Game accessory manufacturer Hyperkin recently announced the Pixel Art Controller line of PC / Mac gamepads. I took a look at the blocky SNES-inspired design and concluded that handling this hunk of plastic would have the same effect as rubbing your palms against a cheese grater.
The folks at Hyperkin were not about to let me drag their name through the dirt, so they hooked me up with a prototype controller so that I may get a feel for its construction. I spent the morning putting the beast through its paces, and I thought I'd share what I learned.
Again, this is a handmade prototype, so some of my criticisms may be addressed by the time the controller officially releases in September.
The Pixel Art Controller comes in a multitude of color schemes in addition to the standard US and European / Japanese SNES variants. I got sent Hulk green because that's pretty much the choice of champions. It even has purple shoulder buttons because pants.
Here's the controller in the buff. The layout is nearly identical to that of a typical SNES pad. Even the A, B, X, Y buttons are in the right configuration -- I will never forgive Dreamcast and Xbox for flipping the letters around. The only hiccup here is that Start and Select have swapped places, though that's something that can be easily redone.
The shell is a very hard plastic and the unit is extremely lightweight. Maybe a little too lightweight for my liking, but perhaps I could chalk that up to having grown accustomed to much weightier controllers with built-in rumble, battery compartments, and other odds and ends.
The buttons are very squishy and don't have that "click" like typical first-party controllers do, which concerns me slightly. Thankfully, despite the unorthodox square shape of the face buttons, I don't feel any sharp pricks when rolling my thumb across them.
Nothing special on the reverse side except for a blank spot in the middle where I assume manufacturer information will be printed. I did notice that the back slants outward so that the controller is thicker near the top than at the bottom. It's a very subtle difference compared to NES or SNES controllers which are flat. I don't know exactly how this will affect players in the long run, but I didn't notice any immediate benefits or downsides in my short session.
And here we have Hulk's pants. The shoulders feel more loose compared to the face buttons, which makes it even harder to tell if you are properly depressing them. I just wish there was some kind of feedback, like a snap noise, to indicate when the shoulders or any of the other buttons have been triggered.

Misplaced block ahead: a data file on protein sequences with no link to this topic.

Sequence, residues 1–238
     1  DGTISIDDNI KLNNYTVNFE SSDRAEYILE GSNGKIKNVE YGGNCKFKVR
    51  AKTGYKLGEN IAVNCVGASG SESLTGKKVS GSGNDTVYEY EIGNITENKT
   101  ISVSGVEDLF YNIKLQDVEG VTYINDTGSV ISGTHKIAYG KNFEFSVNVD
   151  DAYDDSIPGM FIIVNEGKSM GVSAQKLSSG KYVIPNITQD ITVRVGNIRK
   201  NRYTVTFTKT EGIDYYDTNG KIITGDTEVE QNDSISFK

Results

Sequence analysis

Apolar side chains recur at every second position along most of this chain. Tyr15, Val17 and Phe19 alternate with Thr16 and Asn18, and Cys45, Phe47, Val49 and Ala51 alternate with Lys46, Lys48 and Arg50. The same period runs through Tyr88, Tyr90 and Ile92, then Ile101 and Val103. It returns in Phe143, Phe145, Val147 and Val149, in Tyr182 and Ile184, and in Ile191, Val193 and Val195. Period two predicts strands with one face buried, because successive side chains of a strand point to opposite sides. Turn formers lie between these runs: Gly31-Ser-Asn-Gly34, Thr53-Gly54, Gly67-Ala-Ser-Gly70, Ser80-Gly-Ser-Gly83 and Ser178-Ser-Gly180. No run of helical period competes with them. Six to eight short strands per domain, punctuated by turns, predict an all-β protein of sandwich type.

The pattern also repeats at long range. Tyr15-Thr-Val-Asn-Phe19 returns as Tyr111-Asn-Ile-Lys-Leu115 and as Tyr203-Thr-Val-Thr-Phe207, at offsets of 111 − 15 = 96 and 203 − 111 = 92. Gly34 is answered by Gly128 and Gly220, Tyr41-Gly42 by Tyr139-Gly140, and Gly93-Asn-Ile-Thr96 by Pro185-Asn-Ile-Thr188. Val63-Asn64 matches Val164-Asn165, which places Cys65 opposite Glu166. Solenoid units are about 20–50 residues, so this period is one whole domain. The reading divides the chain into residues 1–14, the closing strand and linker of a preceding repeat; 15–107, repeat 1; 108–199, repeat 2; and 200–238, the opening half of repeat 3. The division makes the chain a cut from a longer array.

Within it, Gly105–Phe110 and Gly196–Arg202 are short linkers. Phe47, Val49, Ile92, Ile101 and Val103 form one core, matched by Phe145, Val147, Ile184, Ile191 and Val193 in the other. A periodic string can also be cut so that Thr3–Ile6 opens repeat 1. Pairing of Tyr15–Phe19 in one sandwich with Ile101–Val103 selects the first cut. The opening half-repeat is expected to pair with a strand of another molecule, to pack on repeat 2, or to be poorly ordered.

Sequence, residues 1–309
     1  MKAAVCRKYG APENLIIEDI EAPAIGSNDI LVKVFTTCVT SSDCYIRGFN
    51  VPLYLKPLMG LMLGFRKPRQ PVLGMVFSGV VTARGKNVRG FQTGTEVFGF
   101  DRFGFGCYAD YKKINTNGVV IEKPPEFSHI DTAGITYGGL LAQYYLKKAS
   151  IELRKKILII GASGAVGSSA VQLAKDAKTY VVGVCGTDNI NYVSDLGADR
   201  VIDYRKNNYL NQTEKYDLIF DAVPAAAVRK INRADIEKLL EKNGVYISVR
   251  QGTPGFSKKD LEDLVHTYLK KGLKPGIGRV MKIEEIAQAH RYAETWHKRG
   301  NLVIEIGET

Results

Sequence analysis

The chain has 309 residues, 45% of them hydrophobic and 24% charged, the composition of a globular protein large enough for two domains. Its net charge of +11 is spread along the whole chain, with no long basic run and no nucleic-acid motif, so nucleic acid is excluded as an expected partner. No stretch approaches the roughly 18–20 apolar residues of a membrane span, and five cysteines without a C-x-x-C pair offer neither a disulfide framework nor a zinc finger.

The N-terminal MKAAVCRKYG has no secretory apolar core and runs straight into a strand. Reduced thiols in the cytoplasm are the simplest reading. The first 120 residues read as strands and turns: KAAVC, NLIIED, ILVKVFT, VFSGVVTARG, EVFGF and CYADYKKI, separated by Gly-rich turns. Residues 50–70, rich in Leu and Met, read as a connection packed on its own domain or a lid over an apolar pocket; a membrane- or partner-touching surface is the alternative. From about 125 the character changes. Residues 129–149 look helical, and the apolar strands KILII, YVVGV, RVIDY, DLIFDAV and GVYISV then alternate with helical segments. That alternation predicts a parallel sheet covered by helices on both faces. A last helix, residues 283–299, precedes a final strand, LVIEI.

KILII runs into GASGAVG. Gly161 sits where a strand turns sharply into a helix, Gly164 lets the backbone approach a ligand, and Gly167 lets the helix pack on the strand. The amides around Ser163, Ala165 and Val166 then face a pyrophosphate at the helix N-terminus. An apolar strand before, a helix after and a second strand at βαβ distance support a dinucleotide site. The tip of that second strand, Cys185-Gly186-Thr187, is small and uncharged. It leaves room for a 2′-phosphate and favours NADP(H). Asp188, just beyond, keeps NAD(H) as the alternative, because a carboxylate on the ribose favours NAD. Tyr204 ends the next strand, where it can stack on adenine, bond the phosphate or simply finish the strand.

Lightly holding the controller in my hands, I didn't notice any discomfort. Then again, you're far more conscious of your grip when not playing a game. If I wanted to gauge my comfort level in a most extreme condition, I would have to test it with a most extreme game:
If the controller could survive Super Meat Boy, it could survive anything. I decided that playing through a couple of worlds would give me an adequate idea of how the pad would feel under a real-world scenario.
In an intense game such as this, my grip becomes increasingly more firm as the minutes tick by, as I'd assume would most others'. As I suspected would happen, I could feel the sharp edges digging into my index fingers as well as the patch of skin just below my thumbs. Not hard enough to leave any lasting imprints but just enough to make me feel a rather strange itching sensation. I'm thinking that if the edges were beveled a little more, Hyperkin could significantly reduce some of the sharp pressure while maintaining the blocky shape.
A much more concerning realization was that every so often my jumps wouldn't register even if the button was depressed as far as possible. Or at least I thought the button was pressed down. Without the "click," you can only hope you are applying enough pressure. Just to be sure this wasn't the fault of the game itself, I retested with my 360 controller and suffered no similar issue.
Hyperkin hopes to get the Pixel Art Controller out the door in the next month, so I don't know how many of its current shortcomings can be fixed in such a small window. From the beginning, I thought the pad was very eye-catching, a unique alternative to other USB pads that resemble classic game controllers. If the edges were just a hair smoother and the buttons just a tad more rigid, I guarantee it will make a world of difference.